After the museum we continued our walking for about fifteen minutes along the coastline until we reached the quaint little bay and harbour at Nea Chora. Here we checked for seashells and then found a comfy spot leaning against a huge tree trunk that must have washed up on the beach during a previous storm. Later we walked back to Chania Harbour and found a lovely spot right on the edge of the harbour at which to stop for a snack and a couple of beers. In fact we stayed here for a couple of hours, soaking up the sunshine and enjoying the comings and goings of all the locals. When the sun had gone down and we started thinking about dinner, we were both really in the mood for a Chinese! We knew of a couple of Chinese restaurants in the centre of Chania but it turned out that they were both closed and so I can only assume that the Greeks don’t like Chinese food and that these restaurants are only open for the tourists through the summer season. How annoying when you fancy something different to eat for a change! I know you wouldn’t have the same problem in the UK but hey – you can’t have everything and I can definitely live with this one small disappointment! We finally ate dinner at a fish restaurant further down the other end of the harbour and that was fine because we’d had yet another full and wonderful day out with sunshine all day long.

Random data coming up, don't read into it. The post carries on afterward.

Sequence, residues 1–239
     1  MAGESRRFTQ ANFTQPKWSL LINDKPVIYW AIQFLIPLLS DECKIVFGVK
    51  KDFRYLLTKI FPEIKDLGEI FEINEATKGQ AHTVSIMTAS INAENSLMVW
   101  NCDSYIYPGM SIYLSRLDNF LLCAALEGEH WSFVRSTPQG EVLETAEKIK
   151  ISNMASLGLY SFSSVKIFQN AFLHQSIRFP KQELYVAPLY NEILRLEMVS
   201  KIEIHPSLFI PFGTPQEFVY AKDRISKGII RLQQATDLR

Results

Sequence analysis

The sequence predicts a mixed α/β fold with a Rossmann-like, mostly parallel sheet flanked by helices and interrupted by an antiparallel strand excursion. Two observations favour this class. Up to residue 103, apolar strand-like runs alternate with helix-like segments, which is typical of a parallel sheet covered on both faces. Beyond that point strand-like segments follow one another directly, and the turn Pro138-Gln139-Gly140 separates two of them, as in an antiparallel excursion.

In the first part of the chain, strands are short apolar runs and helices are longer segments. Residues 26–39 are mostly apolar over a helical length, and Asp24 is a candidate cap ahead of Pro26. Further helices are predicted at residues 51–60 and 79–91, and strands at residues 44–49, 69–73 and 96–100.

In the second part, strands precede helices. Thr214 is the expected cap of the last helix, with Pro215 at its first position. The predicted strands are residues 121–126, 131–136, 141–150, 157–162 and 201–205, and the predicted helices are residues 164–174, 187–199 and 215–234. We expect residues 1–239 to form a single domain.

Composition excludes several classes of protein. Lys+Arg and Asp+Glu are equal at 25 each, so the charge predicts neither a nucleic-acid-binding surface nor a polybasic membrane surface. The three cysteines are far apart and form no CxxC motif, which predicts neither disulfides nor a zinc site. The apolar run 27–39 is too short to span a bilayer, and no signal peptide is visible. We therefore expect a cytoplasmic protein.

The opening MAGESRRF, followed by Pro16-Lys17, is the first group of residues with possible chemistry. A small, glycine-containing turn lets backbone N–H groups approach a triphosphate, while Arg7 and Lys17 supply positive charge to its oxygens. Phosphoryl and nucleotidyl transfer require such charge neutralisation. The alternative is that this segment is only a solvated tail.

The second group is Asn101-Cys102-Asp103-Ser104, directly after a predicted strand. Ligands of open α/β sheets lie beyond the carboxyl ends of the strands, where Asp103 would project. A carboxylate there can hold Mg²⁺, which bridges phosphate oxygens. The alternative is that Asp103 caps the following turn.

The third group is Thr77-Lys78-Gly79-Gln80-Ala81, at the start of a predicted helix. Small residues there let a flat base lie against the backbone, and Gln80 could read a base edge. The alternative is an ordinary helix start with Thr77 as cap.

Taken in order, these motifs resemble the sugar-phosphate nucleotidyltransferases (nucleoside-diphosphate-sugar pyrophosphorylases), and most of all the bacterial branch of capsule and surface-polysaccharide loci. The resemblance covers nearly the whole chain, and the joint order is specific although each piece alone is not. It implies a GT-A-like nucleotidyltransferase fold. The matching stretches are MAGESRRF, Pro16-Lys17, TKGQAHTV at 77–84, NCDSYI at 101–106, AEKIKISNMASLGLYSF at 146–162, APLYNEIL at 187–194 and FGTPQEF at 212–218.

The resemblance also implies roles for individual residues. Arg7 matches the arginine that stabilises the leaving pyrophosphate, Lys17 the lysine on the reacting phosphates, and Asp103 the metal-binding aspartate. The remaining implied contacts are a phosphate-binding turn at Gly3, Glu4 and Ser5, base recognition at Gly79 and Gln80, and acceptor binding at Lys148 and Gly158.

Chania Harbour

The other side of Chania Harbour Front, with the Maritime Museum on the right.

So yesterday Nick caught the early flight back to Athens to connect for his flight back to the UK and I have resumed work on my seashell mosaics and collages, continuing to build up my stock for the coming summer season again. I still can’t help thinking how wonderfully 2015 has started and how much I am still loving living and working on the beautiful island of Crete!

Leave a Reply

Your email address will not be published. Required fields are marked *